Wednesday, February 20, 2019

Claims that Einstein got relativity from Hume

London Telegraph:
Albert Einstein was inspired to propose his Theory of Relativity after reading the works of a 18th century Scottish philosopher, it has emerged.

A new letter, discovered at the University of Edinburgh shows that the German-born theoretical physicist had studied David Hume’s A Treatise of Human Nature just before proposing special relativity in 1905.

The groundbreaking theory suggested that the speed of light remained the same even if the observer was speeding up or slowing down, suggesting that time and space therefore could not be constant.
London Daily Mail:
A newly discovered letter from the University of Edinburgh shows that Einstein's Theory of Relativity was inspired by 18th century Scottish philosopher, David Hume.

The letter from the German physicist describes his avid reading of David Hume's 'A Treatise of Human Nature', just before proposing his own theory of special relativity in 1905.

The physicists even admits in the letter that it is 'very possible' that he may not have achieved his theory of relativity were it not for Hume's questions.

Hume was a famous philosopher, historian and economist was known for his ideas of naturalism and scepticism.

His book 'A Treatise of Human Nature', was first published in 1738, sixty-one-years before the birth of Einstein, and in it he questions the idea of time and space being related in the context of science.

Hume writes: 'The chief objection against all abstract reasoning is derived from the ideas of Space and Time. Ideas in everyday life may appear clear and intelligible, but when they pass through the scrutiny of the profound Sciences... they seem full of absurdity and contradiction.'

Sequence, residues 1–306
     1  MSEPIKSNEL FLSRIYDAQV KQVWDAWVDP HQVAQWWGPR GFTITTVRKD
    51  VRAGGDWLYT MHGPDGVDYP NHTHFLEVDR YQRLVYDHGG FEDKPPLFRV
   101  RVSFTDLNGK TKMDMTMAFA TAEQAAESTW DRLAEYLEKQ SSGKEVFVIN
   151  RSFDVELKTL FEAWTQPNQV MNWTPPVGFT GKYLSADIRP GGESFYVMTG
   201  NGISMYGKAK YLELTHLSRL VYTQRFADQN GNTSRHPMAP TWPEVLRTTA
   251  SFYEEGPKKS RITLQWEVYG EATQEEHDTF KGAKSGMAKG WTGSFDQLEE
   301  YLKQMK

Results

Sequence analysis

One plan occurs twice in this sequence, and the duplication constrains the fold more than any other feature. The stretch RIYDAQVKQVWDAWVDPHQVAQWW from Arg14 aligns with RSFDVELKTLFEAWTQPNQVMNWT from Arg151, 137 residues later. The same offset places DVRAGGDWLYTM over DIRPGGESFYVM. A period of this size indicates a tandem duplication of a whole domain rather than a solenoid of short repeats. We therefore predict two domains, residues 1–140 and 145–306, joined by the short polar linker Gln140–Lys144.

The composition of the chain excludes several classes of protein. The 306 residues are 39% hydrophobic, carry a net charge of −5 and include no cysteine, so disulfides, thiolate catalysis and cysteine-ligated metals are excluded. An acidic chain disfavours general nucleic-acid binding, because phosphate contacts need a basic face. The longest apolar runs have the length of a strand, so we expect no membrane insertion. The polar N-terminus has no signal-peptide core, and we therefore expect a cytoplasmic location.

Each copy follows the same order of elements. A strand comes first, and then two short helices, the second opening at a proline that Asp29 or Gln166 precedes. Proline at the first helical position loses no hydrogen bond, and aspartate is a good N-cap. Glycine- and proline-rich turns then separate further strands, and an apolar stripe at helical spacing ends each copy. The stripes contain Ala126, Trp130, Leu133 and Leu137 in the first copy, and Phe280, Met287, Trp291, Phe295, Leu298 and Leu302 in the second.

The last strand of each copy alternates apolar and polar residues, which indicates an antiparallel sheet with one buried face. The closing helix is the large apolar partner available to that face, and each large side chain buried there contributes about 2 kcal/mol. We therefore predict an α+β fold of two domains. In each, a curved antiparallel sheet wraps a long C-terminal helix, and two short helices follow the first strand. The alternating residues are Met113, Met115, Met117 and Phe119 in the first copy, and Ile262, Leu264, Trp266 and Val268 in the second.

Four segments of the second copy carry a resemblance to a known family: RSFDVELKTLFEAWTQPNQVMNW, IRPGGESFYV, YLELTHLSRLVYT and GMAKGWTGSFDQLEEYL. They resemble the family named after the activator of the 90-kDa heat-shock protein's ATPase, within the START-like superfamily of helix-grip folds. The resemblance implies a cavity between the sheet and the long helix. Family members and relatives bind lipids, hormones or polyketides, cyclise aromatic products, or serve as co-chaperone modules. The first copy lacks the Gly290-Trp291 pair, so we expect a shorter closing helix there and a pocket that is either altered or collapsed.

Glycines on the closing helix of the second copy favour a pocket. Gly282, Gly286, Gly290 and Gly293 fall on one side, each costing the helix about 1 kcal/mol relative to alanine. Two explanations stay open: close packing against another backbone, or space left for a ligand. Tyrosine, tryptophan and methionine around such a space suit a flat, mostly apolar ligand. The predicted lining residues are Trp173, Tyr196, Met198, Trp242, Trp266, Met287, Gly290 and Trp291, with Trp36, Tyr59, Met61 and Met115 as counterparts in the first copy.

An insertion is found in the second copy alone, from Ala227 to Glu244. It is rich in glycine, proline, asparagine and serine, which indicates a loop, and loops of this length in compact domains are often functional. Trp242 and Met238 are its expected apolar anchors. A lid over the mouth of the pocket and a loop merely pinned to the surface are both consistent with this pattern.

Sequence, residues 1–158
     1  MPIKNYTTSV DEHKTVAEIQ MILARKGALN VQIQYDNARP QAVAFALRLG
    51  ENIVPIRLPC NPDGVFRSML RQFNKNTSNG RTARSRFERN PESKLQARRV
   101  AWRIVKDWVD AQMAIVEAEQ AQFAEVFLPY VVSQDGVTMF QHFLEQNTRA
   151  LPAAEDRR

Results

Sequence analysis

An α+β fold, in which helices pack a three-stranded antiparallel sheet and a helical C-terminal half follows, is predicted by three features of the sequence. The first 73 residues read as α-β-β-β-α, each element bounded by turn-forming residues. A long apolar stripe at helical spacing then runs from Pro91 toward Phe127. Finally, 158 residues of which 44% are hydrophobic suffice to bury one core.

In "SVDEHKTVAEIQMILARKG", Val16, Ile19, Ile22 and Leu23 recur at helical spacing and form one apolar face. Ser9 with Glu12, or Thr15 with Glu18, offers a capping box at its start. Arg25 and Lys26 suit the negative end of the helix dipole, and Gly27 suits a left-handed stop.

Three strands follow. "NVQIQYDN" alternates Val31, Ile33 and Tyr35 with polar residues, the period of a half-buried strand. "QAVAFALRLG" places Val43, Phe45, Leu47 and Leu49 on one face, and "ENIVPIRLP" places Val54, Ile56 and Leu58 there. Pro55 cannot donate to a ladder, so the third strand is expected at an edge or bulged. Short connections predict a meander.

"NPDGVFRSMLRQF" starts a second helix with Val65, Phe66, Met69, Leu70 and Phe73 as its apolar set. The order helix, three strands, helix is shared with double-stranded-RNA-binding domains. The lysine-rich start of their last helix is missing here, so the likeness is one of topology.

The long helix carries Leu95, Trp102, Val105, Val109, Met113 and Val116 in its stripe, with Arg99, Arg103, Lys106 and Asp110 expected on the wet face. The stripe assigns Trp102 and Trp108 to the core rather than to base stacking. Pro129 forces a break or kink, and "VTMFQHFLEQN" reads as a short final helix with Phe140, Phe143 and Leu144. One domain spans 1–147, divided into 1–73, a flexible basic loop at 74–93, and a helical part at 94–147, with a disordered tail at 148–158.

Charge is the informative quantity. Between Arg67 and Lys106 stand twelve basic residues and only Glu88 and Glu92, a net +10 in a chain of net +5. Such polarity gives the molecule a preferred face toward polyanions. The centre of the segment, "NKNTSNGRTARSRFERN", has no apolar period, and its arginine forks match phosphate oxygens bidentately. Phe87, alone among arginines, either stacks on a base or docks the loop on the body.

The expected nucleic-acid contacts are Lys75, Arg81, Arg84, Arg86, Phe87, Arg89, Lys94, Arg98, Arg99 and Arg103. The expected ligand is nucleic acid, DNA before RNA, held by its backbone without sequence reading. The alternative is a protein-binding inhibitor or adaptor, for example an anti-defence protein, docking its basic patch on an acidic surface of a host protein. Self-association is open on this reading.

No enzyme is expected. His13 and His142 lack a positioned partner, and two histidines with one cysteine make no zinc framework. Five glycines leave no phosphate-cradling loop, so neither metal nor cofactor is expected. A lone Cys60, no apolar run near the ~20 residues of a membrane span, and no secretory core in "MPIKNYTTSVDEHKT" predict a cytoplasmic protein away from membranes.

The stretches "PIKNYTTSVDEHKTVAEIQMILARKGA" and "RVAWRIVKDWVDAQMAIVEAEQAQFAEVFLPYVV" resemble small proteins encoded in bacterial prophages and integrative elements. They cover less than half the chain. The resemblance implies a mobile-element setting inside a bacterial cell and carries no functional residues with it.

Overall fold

This view is not really new. The letter was discussed in 2105, and the
Hume influence in a 2004 paper.

This is all so absurd. Einstein did not discover special relativity in 1905. He later told interviewers that he had been working on that 1905 paper for about 8 years. The theory that we know today as special relativity was almost entirely the work of Lorentz, Poincare, and Minkowski. Einstein had almost nothing to do with it.

The credit to Hume and Mach is based on Moritz Schlick writing a 1915 essay discussing relativity and Mach's and Hume's philosophies. Einstein wrote a complimentary letter to him at the time, and later wrote:
The type of critical reasoning required for the discovery of this central point [the denial of absolute time, or simultaneity] was decisively furthered, in my case, especially by the reading of David Hume’s and Ernst Mach’s philosophical writings. (Einstein 1949a, 53)
But this was just Einstein's way of stealing credit for himself. Saying that he got inspiration from dead philosophers is about like saying that he got inspiration from the Bible or Shakespeare. It is just a sneaky way of denying that his ideas from contemporary relativity publications. It is known that he read Poincare's works on the relativity of time, and what Einstein wrote was the same.

These sorts of myths are promoted by the Einstein idolizers and the anti-positivists.

The anti-positivist angle is not so obvious. Positivists believe that scientific knowledge is based on experiments and reason. The anti-positivists deny this, and say that great geniuses like Einstein can just invent a theory without relying on empirical knowledge, and his ideas will catch on like a big fad.

So they say Einstein invented relativity based on philosophical ideas from decades, or even centuries, earlier.

This is crazy. Everything Einstein said about special relativity was published better and earlier by Lorentz and Poincare, and they explicitly relied on experiments like the Michelson-Morley.

1 comment:

  1. Hi,
    thanks for this interesting post. I think you make a legitimate point. It's not that Einstein read Hume and "Eureka!", discovered special relativity. However, philosophy was one important factor in the formulation of the theory, notably in the process of eschewing absolute time. The philosophical influence is more credible when we compare it to other important factors, like industrialized society in which the theory was worked out, plus a whole lot of math and physics.

    If you're interested, Aeon published my essay on this topic: